Ghetto culture touches the world
I was talking to my brother today and he quoted a statistic that was just unbelievable to me. He claimed that friend of his read that a song by Flo Rida was the most popular song in the world ever. Really ever? So your friend believes Flo Rida made a song that beat out Happy Birthday and everything ? Of course the researcher in me was not about to take a third hand statistic like that as fact without doing some verification. As I expected the statistic that the guy reported was slightly off since he failed to put a very relevant qualifier in front. But the real statistics were still pretty amazing to me. Apparently the single “Low” by Flo Rida was the best selling digitally downloaded song to date* with over 4.5 million downloads. It held the #1 spot on the Billboard Hot 100 longer than any other song in 2008. And get this… It went #1 on the charts in Australia, Canada, Ireland, and New Zealand, France, and Thailand. It was also in the top ten in several other countries. Ireland????
I wonder if Flo Rida had any idea he’d have the Irish Lassies and the girls down under getting low when he made that song. The success of stuff like this is a testament to the influence that urban culture has not just on America, but on the entire world.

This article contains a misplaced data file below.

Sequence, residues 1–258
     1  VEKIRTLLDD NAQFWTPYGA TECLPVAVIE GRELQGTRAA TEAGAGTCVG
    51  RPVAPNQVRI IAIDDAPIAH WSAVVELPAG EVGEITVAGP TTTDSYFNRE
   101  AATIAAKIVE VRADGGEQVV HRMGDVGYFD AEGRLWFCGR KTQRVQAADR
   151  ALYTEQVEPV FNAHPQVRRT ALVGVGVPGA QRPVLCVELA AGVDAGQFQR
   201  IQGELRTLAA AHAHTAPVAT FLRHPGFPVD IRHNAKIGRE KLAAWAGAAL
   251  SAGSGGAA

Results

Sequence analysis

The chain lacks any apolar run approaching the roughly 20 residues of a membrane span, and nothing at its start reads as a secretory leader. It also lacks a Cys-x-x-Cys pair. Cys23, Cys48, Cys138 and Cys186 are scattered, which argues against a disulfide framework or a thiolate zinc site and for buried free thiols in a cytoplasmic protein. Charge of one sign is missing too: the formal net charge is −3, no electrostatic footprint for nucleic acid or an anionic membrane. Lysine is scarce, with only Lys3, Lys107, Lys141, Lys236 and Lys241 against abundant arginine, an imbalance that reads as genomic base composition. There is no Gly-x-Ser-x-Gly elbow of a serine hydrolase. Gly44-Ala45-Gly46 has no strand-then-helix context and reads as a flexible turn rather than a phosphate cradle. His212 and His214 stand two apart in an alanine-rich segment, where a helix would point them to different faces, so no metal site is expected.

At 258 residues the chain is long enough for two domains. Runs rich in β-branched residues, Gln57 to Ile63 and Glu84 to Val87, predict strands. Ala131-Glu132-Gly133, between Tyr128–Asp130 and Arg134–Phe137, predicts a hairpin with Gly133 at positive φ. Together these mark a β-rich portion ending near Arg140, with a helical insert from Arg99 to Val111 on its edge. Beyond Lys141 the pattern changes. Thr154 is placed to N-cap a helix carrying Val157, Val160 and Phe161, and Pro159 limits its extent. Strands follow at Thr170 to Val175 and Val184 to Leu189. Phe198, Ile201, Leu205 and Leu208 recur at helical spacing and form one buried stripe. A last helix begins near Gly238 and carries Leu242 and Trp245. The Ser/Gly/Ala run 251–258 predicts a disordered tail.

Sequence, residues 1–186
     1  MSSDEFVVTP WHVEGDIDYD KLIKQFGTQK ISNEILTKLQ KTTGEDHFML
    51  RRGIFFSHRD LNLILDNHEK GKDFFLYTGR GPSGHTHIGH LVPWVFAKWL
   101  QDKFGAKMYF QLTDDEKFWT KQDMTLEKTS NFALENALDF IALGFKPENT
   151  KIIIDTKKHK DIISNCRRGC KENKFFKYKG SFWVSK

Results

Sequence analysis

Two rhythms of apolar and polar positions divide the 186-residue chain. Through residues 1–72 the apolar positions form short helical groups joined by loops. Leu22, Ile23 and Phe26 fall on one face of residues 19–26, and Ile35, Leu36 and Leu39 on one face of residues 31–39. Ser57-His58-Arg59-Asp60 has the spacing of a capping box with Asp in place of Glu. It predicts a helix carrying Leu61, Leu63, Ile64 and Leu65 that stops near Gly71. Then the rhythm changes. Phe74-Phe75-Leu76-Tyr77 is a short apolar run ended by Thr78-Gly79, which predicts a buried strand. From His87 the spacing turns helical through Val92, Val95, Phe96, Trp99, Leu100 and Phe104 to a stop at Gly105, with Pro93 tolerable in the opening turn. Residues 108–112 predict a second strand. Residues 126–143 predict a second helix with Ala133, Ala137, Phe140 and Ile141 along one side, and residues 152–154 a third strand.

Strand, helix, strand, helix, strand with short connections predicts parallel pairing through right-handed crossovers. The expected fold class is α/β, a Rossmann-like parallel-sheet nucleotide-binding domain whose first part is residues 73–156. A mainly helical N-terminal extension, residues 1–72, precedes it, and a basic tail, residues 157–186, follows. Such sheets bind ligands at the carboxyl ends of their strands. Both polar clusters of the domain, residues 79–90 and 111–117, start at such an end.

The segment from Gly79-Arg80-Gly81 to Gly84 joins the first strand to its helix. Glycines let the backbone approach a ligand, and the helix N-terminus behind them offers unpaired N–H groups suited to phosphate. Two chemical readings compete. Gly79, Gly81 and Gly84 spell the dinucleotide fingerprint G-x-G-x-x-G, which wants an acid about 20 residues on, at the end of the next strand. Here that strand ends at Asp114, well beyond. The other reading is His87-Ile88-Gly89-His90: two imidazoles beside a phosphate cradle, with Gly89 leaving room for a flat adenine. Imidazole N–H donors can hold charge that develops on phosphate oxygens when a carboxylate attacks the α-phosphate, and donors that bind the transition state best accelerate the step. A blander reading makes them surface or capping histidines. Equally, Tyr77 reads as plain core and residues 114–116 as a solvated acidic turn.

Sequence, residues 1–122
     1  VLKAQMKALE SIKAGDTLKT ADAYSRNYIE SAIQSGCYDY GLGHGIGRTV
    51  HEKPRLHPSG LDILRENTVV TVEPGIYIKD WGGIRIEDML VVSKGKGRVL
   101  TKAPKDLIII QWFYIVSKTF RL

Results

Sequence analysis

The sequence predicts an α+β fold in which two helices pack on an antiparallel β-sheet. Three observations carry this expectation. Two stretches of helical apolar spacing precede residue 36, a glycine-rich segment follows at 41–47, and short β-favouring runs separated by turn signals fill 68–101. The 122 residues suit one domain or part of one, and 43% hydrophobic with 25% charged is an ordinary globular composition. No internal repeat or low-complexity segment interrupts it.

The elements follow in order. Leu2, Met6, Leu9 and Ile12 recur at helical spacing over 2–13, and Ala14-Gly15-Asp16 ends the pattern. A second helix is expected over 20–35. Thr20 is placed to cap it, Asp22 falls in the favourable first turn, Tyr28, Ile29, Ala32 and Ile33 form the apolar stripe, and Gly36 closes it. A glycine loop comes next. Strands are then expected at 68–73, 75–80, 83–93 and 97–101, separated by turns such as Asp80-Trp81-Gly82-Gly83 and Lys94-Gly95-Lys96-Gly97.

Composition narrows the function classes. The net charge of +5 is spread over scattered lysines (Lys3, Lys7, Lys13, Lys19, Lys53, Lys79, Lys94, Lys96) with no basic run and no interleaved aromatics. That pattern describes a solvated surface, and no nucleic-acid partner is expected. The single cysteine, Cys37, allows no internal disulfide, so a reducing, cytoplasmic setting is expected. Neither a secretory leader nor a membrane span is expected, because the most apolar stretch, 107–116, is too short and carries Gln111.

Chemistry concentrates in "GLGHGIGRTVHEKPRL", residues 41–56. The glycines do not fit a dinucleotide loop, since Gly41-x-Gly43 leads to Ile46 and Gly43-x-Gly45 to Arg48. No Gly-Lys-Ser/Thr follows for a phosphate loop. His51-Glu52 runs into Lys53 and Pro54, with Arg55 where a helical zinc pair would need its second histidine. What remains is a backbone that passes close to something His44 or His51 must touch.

On one hand I see where people who complain about the images of black culture that the rest of the world get exposed to are coming from. In far too many cases these are the only images of black American culture that some of these people have. But on the other hand it shows that young black kids have real power because the whole world watches to see what they like. Maybe someone needs to figure out how this power can be used for the good of the black community instead of complaining about it?
I also think it’s hilarious how so many non-black people critisize “ghetto culture” while their kids are posting videos of themselves on Youtube getting low low low low.
At any rate I get excited when someone unexpected has a global impact. We saw what happened with Soulja Boy and Crank Dat. Whether you love the song or hate it you have to give the kid credit for the global impact his song had. Even prisoners in the Phillipines were Cranking that Soulja Boy. I can’t wait to see what the next ghetto thing to go global will be.